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Jimmy Durham: The Sergeants' Boy from Sudan
Jimmy Durham in uniform 1909
James Francis Durham 2nd Battalion DLI 1909

James Francis Durham was the first African to join the British Army as a fully enlisted solider. Follow his amazing story which took him from the banks of the Nile to the banks of the Wear.

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The Black Romans
Solidarity on Tyne
Arthur Wharton
When the Boat Came In

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Young Mustapha seemed destined to be a solider from the moment he was found on the banks of Nile by Captain Beauvoir de Lisle.

It was New Year's Day 1886 and de Lisle was leading a mounted party of the Durham Light Infantry. This was the battle of Ginnis, Egypt, and de Lisle had set out to capture, the enemy's river transport.

Jimmy Durham aged 18 months
Jimmy aged about 18 months

The party approached a large nuggar (Arabic river boat), with a considerable number of enemy on board.

A charge was made and the nuggar was seized.

The Arab inhabitants fled in the darkness, leaving only one behind who was badly wounded. Alongside the nuggar was an infant.

"On the bank was a small dervish child, under two years old, who pointing his finger at me kept repeating 'Bung-morto', imitating the sound of the rifle and the result. My difficulty was what to do with the child and with the boats. The child I handed over to Colour Sergeant Stuart and told him to take the horses back by road".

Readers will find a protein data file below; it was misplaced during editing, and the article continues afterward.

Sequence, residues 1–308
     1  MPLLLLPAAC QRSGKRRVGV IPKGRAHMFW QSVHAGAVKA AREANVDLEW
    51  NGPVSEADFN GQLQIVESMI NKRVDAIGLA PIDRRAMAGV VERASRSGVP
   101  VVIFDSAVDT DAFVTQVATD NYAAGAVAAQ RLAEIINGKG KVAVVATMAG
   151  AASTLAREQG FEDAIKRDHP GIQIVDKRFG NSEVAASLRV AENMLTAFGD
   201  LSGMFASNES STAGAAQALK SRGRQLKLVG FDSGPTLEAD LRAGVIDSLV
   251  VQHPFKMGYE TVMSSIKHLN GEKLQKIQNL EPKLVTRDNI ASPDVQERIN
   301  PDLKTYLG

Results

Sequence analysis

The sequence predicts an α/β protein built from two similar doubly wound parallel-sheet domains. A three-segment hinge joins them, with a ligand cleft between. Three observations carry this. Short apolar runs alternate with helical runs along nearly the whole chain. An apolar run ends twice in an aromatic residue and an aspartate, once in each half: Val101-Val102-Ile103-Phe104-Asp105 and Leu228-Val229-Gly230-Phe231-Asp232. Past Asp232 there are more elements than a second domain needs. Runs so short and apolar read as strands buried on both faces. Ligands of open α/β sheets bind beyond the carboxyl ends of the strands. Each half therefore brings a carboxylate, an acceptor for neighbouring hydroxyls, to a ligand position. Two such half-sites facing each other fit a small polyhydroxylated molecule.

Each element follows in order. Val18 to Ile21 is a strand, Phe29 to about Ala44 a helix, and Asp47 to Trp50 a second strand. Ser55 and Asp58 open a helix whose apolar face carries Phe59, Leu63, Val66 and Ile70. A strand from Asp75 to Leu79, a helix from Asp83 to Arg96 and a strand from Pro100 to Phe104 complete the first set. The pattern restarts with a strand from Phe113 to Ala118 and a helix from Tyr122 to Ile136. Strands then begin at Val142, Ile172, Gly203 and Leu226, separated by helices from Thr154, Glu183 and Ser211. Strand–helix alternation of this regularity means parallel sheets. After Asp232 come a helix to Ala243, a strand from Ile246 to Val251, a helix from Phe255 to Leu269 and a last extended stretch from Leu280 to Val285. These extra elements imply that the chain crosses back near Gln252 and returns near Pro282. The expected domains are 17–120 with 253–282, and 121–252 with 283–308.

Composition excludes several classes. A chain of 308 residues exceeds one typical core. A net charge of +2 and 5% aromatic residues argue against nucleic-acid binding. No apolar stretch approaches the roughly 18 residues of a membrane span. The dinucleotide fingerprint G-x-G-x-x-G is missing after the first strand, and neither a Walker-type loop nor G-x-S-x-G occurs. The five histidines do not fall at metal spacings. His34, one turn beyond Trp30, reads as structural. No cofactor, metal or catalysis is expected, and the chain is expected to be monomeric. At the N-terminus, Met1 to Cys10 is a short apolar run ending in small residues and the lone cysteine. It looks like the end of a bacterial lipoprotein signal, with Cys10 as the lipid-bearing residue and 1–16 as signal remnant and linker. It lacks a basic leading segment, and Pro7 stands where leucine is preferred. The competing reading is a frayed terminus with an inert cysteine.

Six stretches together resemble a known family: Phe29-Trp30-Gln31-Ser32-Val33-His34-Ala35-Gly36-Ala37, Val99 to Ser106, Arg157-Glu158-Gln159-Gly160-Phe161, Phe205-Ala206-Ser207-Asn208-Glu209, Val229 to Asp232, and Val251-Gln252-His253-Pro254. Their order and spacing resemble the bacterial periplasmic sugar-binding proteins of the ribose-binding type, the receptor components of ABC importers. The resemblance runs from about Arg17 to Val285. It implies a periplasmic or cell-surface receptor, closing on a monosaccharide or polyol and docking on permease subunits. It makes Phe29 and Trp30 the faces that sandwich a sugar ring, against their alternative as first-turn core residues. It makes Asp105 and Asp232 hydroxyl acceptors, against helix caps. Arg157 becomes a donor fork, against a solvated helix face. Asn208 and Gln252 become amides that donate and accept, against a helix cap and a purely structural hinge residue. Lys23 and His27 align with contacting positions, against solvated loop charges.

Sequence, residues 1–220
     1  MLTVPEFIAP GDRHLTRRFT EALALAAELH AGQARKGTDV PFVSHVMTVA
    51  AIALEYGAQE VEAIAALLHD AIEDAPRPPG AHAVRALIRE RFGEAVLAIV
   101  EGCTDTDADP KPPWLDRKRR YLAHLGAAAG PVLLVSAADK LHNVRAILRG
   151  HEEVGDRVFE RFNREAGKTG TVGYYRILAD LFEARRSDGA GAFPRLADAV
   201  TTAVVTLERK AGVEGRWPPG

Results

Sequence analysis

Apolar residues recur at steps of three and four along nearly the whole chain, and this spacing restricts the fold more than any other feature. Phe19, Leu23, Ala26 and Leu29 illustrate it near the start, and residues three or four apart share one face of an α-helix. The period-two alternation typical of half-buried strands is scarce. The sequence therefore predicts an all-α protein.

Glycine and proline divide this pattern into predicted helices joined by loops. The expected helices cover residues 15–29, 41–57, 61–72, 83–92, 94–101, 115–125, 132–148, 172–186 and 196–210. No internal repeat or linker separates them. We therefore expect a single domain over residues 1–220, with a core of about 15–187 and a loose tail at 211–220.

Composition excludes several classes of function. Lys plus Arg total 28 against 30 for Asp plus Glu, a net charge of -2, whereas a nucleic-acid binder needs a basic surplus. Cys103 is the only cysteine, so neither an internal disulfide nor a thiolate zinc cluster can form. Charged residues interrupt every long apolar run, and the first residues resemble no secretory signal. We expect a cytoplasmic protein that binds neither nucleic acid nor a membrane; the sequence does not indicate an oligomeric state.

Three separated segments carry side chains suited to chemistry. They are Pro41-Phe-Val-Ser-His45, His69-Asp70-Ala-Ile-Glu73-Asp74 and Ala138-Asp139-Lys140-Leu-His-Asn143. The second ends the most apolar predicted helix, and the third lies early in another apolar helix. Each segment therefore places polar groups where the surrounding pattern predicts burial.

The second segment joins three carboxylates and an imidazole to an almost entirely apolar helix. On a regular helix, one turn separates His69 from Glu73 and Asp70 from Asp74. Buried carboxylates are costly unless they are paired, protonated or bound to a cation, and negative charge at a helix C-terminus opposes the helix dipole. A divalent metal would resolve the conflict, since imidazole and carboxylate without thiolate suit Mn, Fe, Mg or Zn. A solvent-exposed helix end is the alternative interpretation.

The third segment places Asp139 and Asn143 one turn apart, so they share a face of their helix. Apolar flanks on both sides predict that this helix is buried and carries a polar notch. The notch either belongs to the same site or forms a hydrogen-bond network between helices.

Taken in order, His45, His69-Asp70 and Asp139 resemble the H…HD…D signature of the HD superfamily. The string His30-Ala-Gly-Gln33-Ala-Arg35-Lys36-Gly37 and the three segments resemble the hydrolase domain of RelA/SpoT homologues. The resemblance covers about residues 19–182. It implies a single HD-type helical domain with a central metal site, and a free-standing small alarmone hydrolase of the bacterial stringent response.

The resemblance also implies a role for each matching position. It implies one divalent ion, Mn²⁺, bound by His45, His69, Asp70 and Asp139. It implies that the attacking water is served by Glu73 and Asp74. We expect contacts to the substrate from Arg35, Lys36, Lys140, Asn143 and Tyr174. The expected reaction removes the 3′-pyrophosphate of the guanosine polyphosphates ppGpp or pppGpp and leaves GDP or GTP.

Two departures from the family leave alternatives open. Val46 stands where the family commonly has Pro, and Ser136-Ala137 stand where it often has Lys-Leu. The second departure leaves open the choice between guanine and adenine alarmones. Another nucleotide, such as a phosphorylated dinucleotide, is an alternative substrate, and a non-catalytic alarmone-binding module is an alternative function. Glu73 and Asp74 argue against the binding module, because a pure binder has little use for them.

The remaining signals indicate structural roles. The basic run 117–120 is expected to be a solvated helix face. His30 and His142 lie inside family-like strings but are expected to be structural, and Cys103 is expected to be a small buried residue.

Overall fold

Reminiscences of Sport & War by General Sir Beauvoir de Lisle 1939

The child was handed over to Sergeant Stuart, who, named him Jimmy Dervish. The boy's real name was Mustapha.

Regimental Pet

It appeared that the child's father, a Sheik, had been killed in the battle of Ginnis. His widow with two children had intended to make her way to Berber, but there was no trace of the child's mother.

Gen. Sir Beauvoir de Lisle circa 1938
General Sir Beauvoir de Lisle: Jimmy's kindly benefactor

Genreal De Lisle, in eccentric, Victorian fashion, decided Jimmy would make a good 'regimental pet'.

Little Jimmy performed the long marches seated astride the pommel of Sergeant Stuart's saddle.

James Francis Durham